American Vampire #8
In a Series Written for Trade, there’s always the risk of the book falling a bit flat due to the fact that it’s not free to stand on its own. How will American Vampire handle an issue that’s extremely vulnerable to such a trapping?
As the year comes to a close, it is natural to look back on the year and give praise (or admonishment) to the Comic Books that have made the impact on. With several categories to choose from, one can go for days discussing which books deserve the honors of being called one of (If not the best) in that field of recognition. However, if there is one category that piques my interest more than the others, it would have to be the debate of which book is “Best New Series” of 2010, not for the number of contenders, but for the quality that each contender has. In my opinion, every legitimate contender for this prestigious honor is such a compelling book, and holds a spot in the current Top 10 of this reviewers pull list, with the latest issue of the book being reviewed (American Vampire) well in the mix of that Top 10.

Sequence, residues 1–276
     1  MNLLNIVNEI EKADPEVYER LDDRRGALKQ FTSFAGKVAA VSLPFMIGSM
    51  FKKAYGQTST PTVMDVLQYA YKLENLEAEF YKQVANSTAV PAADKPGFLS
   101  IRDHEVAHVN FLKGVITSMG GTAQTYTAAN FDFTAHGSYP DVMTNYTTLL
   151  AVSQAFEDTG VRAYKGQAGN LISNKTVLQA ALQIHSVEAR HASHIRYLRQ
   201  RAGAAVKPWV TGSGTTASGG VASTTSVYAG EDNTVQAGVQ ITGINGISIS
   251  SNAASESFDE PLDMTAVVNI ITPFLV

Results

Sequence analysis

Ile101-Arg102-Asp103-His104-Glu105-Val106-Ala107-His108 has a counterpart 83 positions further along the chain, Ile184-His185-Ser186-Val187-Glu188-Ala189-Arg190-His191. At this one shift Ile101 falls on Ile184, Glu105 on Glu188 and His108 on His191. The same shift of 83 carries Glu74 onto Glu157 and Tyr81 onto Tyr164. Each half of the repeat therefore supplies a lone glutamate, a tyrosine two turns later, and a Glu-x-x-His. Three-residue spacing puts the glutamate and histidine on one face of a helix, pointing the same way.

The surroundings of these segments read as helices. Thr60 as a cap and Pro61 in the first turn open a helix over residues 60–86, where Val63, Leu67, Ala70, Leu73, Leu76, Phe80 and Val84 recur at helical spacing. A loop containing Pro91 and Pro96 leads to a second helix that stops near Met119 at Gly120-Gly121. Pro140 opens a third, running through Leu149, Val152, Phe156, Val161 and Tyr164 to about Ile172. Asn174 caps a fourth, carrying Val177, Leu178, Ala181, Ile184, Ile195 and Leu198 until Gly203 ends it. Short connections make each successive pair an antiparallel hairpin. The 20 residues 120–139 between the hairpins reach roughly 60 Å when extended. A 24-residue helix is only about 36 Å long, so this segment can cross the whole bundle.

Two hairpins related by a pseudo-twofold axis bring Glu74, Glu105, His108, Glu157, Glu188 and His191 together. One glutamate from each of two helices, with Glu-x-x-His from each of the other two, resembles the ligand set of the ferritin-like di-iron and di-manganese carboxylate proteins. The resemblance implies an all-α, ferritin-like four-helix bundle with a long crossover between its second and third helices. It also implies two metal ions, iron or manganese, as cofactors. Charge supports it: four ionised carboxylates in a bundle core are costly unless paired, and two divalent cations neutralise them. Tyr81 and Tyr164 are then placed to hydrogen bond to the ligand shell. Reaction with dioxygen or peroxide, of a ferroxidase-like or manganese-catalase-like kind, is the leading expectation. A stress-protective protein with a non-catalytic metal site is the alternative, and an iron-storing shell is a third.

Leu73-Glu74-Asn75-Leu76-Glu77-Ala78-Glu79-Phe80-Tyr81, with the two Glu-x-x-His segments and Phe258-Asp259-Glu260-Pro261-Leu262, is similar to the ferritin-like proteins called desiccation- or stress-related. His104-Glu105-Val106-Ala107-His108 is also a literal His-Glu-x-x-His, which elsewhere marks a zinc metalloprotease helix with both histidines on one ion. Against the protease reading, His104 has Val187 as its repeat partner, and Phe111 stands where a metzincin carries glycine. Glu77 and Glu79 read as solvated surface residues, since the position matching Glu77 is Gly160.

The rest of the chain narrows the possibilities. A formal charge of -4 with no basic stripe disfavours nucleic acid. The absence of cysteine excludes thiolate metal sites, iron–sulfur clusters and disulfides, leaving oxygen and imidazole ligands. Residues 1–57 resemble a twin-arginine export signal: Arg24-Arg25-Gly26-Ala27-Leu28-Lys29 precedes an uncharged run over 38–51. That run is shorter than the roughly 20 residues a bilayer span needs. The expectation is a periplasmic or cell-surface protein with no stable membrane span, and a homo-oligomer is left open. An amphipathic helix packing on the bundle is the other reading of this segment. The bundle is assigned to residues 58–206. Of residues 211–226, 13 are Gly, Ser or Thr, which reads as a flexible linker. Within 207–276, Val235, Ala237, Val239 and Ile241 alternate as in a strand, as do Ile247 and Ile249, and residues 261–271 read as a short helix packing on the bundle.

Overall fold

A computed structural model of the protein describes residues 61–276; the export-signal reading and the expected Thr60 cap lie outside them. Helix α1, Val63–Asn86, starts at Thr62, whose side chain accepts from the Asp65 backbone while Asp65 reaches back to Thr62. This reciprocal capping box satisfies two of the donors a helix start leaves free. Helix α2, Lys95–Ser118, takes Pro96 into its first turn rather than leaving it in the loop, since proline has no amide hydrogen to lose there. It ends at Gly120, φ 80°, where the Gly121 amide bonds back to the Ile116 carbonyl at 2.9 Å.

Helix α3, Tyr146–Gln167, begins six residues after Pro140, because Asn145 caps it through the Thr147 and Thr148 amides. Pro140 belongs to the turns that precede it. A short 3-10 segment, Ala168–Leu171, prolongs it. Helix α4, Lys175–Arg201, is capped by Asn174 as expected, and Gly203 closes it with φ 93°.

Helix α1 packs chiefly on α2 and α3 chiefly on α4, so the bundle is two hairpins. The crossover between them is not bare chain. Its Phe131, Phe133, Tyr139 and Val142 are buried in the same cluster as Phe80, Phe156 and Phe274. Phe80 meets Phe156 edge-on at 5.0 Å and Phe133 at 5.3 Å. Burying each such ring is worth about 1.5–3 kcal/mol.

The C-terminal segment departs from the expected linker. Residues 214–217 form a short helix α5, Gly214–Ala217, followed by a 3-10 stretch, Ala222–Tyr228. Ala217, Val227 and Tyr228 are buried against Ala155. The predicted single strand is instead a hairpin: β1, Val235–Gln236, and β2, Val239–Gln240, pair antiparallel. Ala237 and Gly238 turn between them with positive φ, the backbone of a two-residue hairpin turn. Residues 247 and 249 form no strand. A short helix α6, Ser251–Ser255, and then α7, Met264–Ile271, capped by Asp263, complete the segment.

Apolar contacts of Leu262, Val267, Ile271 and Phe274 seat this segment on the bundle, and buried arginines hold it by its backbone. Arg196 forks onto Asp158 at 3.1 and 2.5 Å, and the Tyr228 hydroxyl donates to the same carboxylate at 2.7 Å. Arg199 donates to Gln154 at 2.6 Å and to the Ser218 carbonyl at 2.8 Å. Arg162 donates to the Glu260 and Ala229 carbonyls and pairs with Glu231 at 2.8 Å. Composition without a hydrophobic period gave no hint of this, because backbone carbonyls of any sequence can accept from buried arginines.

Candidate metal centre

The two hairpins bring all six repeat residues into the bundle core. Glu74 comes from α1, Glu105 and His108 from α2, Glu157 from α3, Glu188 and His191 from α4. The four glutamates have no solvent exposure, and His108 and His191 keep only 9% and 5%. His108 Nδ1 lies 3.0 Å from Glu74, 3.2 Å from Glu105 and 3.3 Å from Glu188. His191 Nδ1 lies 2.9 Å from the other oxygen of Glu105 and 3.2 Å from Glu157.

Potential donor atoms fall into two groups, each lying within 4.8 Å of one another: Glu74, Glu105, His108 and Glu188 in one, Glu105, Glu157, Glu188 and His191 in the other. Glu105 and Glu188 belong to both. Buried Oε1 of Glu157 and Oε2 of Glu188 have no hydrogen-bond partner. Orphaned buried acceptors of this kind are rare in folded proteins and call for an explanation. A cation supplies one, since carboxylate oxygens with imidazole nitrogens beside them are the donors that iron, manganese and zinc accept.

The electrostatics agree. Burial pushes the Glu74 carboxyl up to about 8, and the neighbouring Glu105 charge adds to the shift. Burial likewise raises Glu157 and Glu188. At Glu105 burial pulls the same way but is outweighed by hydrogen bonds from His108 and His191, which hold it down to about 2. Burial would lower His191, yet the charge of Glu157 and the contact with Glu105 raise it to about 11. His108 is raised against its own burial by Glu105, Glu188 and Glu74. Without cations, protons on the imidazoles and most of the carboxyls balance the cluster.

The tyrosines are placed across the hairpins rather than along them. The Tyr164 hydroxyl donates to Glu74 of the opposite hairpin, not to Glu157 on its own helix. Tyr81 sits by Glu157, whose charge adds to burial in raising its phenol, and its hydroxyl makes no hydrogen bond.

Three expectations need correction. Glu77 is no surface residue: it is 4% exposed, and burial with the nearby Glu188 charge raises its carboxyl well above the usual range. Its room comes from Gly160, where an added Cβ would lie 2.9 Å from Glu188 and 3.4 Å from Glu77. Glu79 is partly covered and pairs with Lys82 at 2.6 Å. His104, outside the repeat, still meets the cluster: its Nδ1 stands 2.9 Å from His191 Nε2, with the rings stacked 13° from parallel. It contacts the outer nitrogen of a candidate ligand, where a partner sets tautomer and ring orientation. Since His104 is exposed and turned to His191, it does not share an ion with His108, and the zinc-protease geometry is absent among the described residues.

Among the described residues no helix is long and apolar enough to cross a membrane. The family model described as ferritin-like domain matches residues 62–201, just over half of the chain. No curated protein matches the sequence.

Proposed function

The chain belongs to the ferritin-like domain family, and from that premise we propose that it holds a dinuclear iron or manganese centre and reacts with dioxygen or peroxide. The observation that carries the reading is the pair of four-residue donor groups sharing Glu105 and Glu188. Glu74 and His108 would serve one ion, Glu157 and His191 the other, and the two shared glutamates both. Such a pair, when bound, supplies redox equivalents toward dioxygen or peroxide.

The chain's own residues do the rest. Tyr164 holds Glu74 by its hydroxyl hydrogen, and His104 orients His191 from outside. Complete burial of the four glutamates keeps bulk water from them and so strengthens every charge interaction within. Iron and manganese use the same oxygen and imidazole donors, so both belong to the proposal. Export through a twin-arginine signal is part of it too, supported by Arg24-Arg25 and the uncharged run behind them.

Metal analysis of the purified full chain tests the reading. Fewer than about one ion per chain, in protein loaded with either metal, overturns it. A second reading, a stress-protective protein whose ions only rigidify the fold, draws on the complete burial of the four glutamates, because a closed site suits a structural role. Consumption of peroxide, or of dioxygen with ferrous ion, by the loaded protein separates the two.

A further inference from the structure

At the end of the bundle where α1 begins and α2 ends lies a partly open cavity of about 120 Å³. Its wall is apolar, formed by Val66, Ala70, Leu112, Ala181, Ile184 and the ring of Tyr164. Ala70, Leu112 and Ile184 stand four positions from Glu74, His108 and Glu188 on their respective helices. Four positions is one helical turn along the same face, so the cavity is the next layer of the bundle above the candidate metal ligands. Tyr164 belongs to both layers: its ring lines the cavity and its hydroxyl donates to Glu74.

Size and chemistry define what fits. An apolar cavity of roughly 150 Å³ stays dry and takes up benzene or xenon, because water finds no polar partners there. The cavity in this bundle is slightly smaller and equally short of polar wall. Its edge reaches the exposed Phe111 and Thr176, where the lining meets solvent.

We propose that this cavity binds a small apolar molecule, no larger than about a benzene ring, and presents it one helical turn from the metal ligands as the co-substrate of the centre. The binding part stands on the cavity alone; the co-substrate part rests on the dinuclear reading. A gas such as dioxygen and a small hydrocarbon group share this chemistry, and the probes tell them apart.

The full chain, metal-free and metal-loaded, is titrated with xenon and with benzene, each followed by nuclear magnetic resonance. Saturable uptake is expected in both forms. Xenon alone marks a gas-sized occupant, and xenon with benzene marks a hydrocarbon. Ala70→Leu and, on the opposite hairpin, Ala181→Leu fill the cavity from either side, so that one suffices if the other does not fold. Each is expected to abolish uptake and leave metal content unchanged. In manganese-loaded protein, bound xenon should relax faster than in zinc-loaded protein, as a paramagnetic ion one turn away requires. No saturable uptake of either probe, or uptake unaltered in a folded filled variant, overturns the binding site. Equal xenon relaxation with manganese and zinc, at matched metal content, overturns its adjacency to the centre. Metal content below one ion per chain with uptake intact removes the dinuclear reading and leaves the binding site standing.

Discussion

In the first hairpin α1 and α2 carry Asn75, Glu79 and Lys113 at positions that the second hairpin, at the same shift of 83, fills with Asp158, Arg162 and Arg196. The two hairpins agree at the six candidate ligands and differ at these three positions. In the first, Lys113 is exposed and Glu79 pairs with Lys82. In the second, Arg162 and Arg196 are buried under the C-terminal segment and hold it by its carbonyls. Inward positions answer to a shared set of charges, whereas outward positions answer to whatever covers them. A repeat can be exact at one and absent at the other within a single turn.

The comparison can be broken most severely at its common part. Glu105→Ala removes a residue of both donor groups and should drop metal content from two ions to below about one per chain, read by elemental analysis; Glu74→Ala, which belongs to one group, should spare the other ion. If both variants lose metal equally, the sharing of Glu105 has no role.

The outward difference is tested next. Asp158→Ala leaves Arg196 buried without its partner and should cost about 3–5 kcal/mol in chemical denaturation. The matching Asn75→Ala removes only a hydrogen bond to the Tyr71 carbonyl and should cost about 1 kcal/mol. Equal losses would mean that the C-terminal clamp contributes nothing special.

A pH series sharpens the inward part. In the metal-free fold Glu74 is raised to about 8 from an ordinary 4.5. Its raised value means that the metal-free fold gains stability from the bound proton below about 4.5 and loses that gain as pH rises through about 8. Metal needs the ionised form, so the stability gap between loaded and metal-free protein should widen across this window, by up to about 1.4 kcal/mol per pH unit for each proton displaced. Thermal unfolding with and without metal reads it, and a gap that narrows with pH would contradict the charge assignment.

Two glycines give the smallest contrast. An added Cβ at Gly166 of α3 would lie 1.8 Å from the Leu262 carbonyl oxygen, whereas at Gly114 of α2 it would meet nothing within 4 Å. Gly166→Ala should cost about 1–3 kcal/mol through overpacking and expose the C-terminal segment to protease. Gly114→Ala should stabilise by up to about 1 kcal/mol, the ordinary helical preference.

As far as American Vampire goes, there are two things that stand out (amongst a myriad of positives) that make this series a refreshing take on a subject that is one of the most iconic and cliché targets of popular culture in Vampires. The first thing is the use of cultural philosophies to create a Vampire that has the potential to be a truly unique creature in and of itself, as we have already these Vampires possess different Powers and characteristics from their European Brothers and Sisters, creating an even thicker air of mystery that I think will become a trademark of this series. The second thing that sticks out is the Inter-Vampire Politics that have been established as a big theme of the series. The dynamics that are being established with American and European Vampires at war with each other, have become one of the points which have driven the plot of this series, something that could become even bigger if other types of Vampires become a factor in this tale.